The Texan, regardless of the caliber option, will always be at or near the top of the power range when compared to competitive brands in the same caliber. In my experience using many configurations and calibers of the Texan over the years, the accuracy is consistently good. The cocking action is fast and smooth, and access to the single shot loading port is excellent. The trigger is light and breaks crisply, which facilitates accurate shooting. The Texan, especially the carbine version, carries well on a sling. I like the fact that accessories can be mounted on the abundant rails and have found the Airforce Texan to be very rugged and reliable.
The Airforce Texan is one of my favorite big bore hunting rifles; my personal guns are equipped with an aftermarket buttpad, a rubber wrap on the pistol grip, swivel studs mounted on the rails, and the power adjustment optimized for the specific ammo I use. An advantage for Texan shooters is that a large and supportive enthusiast community exists, and they are a repository of knowledge and expertise. There are also a number of talented tuners and a plethora of aftermarket parts available, making the Texan a great platform to customize. I also like the fact that this is a US made product and appreciate that it comes from the birthplace of modern big bore airgun hunting.
Things that could be improved
I have to confess that while I feel comfortable shooting the Texan now, it took me a while to reach that point. The bottle buttstock has a different feel to it. I tried adding aftermarket cheek pieces and pads, installed aftermarket stocks (and there are some excellent ones out there), but in the end found that with the right scope mounts and practice I acclimatized quite well to the design.
In some shooters’ view, the fact that the Airforce Texan is a single shot is a limitation. But when shooting a big bore this is not a problem in my view, as these hunts are usually over with a single shot. As mentioned, the accessible loading port permits a rapid reload when needed.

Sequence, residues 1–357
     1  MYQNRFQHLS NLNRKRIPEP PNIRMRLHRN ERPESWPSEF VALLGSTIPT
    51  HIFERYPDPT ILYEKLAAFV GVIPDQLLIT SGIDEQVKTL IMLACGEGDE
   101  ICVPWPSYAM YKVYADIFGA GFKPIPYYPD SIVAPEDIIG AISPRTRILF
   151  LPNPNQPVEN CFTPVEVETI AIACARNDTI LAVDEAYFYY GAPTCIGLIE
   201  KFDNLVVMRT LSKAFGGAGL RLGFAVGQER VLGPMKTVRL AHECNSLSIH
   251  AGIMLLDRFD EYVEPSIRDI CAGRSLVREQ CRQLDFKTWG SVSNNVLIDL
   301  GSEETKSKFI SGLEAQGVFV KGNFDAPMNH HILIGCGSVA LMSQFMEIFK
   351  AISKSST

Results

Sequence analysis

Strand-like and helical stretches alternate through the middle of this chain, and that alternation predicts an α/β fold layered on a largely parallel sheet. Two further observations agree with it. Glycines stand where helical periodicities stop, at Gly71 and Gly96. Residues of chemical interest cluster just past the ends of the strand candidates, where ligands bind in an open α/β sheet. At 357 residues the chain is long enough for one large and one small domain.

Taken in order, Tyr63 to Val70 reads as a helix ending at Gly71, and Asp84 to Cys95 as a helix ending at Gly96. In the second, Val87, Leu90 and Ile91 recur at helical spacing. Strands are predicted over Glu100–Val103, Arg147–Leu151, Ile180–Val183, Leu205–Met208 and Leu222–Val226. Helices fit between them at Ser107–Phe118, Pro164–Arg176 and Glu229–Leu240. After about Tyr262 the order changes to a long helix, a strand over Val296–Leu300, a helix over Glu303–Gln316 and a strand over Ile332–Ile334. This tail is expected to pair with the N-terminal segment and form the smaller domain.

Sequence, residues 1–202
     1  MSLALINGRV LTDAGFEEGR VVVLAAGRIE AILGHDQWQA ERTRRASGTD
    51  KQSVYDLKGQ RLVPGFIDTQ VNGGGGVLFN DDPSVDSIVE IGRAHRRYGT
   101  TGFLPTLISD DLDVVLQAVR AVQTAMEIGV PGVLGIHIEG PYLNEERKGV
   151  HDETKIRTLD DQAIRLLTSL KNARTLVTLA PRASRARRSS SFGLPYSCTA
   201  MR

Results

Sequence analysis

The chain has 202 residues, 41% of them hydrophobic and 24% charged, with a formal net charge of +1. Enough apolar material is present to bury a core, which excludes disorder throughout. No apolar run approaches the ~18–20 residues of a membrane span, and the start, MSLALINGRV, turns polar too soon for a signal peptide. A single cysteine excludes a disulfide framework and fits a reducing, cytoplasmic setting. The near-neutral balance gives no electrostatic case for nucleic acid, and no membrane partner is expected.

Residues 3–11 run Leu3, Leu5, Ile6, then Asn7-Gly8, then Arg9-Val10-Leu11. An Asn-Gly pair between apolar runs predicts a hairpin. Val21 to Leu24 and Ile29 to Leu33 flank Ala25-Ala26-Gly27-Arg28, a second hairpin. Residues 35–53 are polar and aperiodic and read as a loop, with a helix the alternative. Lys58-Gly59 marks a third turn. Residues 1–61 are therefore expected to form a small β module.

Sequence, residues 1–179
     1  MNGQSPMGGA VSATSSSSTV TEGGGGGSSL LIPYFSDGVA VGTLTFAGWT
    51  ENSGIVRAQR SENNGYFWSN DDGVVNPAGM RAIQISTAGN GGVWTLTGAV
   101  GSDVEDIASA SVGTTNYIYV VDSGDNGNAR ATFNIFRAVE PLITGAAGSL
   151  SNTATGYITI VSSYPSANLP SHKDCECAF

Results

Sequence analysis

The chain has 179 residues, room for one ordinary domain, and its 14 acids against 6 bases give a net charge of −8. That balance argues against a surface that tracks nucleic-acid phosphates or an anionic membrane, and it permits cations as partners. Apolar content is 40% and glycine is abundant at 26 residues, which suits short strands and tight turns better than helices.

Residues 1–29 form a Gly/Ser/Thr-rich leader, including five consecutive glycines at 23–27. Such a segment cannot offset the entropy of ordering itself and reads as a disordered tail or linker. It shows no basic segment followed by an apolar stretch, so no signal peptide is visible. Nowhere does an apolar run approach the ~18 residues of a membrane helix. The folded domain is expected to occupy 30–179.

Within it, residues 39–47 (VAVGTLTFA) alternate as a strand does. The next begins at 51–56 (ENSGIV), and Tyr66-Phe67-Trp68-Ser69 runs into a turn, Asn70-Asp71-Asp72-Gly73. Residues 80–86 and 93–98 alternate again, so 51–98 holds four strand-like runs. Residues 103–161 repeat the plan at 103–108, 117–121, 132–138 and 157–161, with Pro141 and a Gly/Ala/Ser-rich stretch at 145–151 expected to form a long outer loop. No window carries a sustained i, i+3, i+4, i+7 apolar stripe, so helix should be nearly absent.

Final thoughts on the Texan
While there are a few long-range big bore airgun target competitions being held, my opinion is that big bore airguns are made for hunting, and I find the Airforce Texan perfectly suited for this application. It has the power and accuracy to take any big game in North America, it is an easy gun to carry in the field, it is very rugged and reliable, and shoots well off hand or off sticks.
Big bore airguns can be quite expensive, and while the AirForce Texan while not inexpensive, it is offered at an attractive price point. This is especially true when you consider what you’re getting and when viewed in the context of the high price tags on many of the other guns in the category.
And finally, I always give high marks to a rifle that functions well out of the box but has the adjustability and availability of custom parts that allow it to be tailored to an individuals need. We hunt with these big bore air rifles for the challenge and enjoyment of doing things differently, and in my view any of the AirForce Texans is one of the best air rifle choices that will meet the needs of hunters from big bore newbies to the seasoned airgunner . You can check out the Texan by clicking here.